Throughout the short stories of Ernest Hemingway, alcohol inevitably lends its company to situations in which desperation already resides. In an examination of his earlier works, such as In Our Time, a comparison to later collections reveals the constant presence of alcohol where hopelessness prevails. The nature of the hopelessness, the desperation, changes from his earlier works to his later pieces, but its source remains the same: potential, or promise of the future causes a great deal of trepidation and lament throughout Hemingway’s pieces. Whether the desperation comes from trepidation or lament depends on the view point from which it is observed, or rather, experienced.
In many of the works written early in his career, Hemingway’s characters experience a fear of the future. The fear does not necessarily stem from commonly expected sources, such as “the unknown,” but rather, it seems to grow from a fear of failure, a fear of being unable to fulfill potential. A number of stories and vignettes from In Our Time reflect these trepidations, and throughout, the presence of alcohol surfaces as a reminder of the desperation felt by the characters as they confront or avoid the circumstances surrounding their fears. It should be clarified, however, that “desperation” here does not insinuate the many nuances that the term conjures, but rather, it describes its simplest meaning of a loss or a lack of hope. For the characters of the early stories, the lack of hope motivates trepidation, while in the later works, the loss of hope creates lament.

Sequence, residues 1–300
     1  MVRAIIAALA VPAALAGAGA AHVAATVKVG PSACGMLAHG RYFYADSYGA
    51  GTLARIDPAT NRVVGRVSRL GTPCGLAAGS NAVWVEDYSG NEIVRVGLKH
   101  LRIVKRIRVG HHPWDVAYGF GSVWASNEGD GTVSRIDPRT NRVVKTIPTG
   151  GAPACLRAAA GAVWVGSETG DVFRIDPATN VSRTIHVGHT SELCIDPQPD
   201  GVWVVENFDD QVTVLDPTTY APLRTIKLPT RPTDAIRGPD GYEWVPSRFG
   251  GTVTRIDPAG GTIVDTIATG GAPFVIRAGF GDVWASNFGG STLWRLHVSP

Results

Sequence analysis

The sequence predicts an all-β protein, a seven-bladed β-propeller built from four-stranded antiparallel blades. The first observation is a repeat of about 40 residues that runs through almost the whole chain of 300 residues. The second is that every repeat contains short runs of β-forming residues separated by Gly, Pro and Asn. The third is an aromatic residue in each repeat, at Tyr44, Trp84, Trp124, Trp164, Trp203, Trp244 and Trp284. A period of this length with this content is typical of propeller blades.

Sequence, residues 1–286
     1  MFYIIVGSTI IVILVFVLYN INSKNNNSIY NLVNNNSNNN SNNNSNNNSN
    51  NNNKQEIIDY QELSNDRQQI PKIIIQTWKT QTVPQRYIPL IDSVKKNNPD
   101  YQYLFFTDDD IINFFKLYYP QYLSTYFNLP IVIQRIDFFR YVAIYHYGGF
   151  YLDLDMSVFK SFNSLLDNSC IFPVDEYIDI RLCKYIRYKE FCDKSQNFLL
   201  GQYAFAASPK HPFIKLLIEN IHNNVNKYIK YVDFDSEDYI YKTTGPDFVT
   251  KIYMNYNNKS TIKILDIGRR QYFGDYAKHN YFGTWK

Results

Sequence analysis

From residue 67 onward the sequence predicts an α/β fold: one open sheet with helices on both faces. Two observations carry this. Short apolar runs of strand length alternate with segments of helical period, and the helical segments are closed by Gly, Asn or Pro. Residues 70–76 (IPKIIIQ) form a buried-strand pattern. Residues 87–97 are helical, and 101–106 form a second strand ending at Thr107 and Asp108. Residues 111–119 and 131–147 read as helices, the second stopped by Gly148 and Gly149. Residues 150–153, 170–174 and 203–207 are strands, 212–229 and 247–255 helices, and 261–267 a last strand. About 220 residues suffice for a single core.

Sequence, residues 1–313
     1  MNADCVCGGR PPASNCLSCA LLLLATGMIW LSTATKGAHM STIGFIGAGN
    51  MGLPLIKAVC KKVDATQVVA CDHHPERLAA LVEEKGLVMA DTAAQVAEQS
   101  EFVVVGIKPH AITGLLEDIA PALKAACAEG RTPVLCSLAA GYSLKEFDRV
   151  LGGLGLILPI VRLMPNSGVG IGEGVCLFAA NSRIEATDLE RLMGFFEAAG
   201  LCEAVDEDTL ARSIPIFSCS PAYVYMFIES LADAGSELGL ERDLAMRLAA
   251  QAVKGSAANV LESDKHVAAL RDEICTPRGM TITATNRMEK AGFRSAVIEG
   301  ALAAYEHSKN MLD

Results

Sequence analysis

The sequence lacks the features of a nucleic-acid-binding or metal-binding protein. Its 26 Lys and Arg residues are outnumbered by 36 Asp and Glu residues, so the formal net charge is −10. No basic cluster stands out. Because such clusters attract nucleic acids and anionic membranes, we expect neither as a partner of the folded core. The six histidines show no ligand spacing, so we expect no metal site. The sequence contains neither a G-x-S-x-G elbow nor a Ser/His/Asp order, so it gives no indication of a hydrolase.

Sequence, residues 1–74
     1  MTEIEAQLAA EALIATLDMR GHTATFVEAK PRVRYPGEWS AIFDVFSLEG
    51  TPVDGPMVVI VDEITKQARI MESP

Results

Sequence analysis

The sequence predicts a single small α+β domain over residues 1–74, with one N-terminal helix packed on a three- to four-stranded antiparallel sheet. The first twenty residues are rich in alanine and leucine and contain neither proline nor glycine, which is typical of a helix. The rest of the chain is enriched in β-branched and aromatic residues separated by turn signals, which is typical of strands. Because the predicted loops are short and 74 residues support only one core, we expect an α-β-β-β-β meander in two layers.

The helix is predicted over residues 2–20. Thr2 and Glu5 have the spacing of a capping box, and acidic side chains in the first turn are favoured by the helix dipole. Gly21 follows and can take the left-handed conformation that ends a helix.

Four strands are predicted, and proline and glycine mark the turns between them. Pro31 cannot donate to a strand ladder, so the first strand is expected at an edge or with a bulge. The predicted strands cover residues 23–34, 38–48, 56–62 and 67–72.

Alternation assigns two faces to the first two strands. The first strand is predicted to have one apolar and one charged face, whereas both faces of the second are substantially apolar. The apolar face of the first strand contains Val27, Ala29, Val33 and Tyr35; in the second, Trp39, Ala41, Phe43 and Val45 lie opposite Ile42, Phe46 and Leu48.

The lament experienced by Hemingway’s characters in his later works corresponds to an older perspective by both author and characters. In most cases of desperation, the later characters retrospectively examine their lives and realize that they have not fulfilled their potential. The manner in which they choose to live out their lives becomes paramount in the stories, and alcohol often remains integral to the characters’ lives. In moving from the earlier stories of In Our Time to stories published in later collections, the shift in the attitude of the characters toward potential and promise becomes clear.
“Indian Camp” in In Our Time, depicts Nick Adams a small boy, exposed to death for the first time. This story does not describe desperation nor does it include alcohol; rather, it demonstrates the promise held in the possibilities of life in Nick’s final thoughts: “In the early morning on the lake sitting in the stern of the boat with his father rowing, he felt quite sure that he would never die” (Hemingway 95). Despite the events he witnesses in the camp, Nick’s future seems boundless, as well as endless. Potential has no limits, and the pressures of fulfilling potential are, as yet, unknown to him. This first story in Hemingway’s first published collection serves as a fitting point of departure for the descriptions of desperation that follow; Nick is free from the weight of potential, and judging by his enjoyment of the idyllic setting that surrounds him, it seems that he looks forward to the promise of life.
“The Three-Day Blow” offers the reader one of the first opportunities to observe the trepidation and fear of future potential. The story happens to feature Nick Adams, but as other stories are examined, different characters will also exhibit the same desperation. “The Three-Day Blow” directly follows “The End of Something,” save a vignette, and it seems to allude to the break up described therein. As Nick and Bill begin drinking, their talk includes baseball, fishing, the nature of drunks, and eventually Marge. The discussion of girls and relationships...